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For Mike Guetterman, who farms 7,000 no-till acres with his father and brothers, small details make a big difference in the success of a continuous no-till program.
The Guetterman family has been actively no-tilling for 15 years in Bucyrus, Kan., and has found that paying close attention to detail in fertility placement, planting date, timing of applications and even equipment weight definitely pays off over the long haul.
The Guetterman brothers (Mike, Paul, Ted, Tom and Nick) no-till in an area of Kansas near the Missouri border that averages 30 inches of annual rainfall where a soybean, corn, grain sorghum and winter wheat rotation is common.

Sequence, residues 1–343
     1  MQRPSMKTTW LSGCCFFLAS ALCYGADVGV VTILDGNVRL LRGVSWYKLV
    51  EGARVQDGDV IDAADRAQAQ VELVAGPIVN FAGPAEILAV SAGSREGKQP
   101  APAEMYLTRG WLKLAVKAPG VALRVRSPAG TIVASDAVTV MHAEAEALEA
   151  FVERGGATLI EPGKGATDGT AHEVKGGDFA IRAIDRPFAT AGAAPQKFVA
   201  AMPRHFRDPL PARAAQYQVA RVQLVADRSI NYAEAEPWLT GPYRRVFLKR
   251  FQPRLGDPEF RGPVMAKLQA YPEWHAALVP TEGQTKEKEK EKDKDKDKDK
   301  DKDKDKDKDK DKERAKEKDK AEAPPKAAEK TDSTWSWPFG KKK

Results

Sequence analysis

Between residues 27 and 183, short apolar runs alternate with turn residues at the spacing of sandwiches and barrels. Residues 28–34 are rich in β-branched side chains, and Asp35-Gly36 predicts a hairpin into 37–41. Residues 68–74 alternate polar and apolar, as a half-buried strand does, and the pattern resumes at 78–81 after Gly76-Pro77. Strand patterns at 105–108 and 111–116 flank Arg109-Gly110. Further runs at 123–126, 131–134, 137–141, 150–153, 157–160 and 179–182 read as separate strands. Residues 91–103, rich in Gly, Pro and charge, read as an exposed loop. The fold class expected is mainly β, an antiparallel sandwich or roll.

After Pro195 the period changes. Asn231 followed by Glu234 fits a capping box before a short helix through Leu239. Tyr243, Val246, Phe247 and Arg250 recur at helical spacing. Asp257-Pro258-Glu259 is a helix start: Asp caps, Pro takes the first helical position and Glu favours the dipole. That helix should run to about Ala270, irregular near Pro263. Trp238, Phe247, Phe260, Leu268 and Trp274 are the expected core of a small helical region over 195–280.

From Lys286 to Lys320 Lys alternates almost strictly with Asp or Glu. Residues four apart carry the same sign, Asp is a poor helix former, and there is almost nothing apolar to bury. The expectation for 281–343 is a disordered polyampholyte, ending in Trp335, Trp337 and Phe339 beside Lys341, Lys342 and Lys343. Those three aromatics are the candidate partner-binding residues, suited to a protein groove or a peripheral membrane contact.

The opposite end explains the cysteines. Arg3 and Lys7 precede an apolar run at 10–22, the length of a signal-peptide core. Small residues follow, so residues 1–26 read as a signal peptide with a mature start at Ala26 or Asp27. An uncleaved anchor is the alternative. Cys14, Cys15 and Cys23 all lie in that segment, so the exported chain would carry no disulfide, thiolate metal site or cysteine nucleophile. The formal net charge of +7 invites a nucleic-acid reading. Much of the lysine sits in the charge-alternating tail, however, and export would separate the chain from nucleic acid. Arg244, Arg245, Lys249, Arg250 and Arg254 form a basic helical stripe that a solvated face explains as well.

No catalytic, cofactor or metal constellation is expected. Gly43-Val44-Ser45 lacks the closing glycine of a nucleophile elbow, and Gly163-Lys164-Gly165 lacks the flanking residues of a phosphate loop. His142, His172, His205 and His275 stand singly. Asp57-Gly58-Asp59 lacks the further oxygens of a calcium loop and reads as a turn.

On good ground, the Guettermans follow a corn and soybean rotation. On poorer soils, they use some configuration of a no-till wheat, grain sorghum and soybean rotation — but they never end up no-tilling soybeans 2 years in a row.
No-till has allowed the Guettermans to reduce fuel, labor and weed control costs. “Some 20 years ago, before we started no-tilling, we used 7 1/2 gallons of fuel per acre. By using no-till, this has dropped to only 3 1/2 gallons per acre.
At last January’s 11th annual National No-Tillage Conference, the five brothers were selected as the 2003 No-Till Innovator Award winners for crop production. Co-sponsored by Syngenta Crop Protection and No-Till Farmer, this program honors outstanding individuals in several critical no-till categories.
Besides reducing fuel usage, no-till has also helped the family improve water quality. In 2000 for example, they showed the…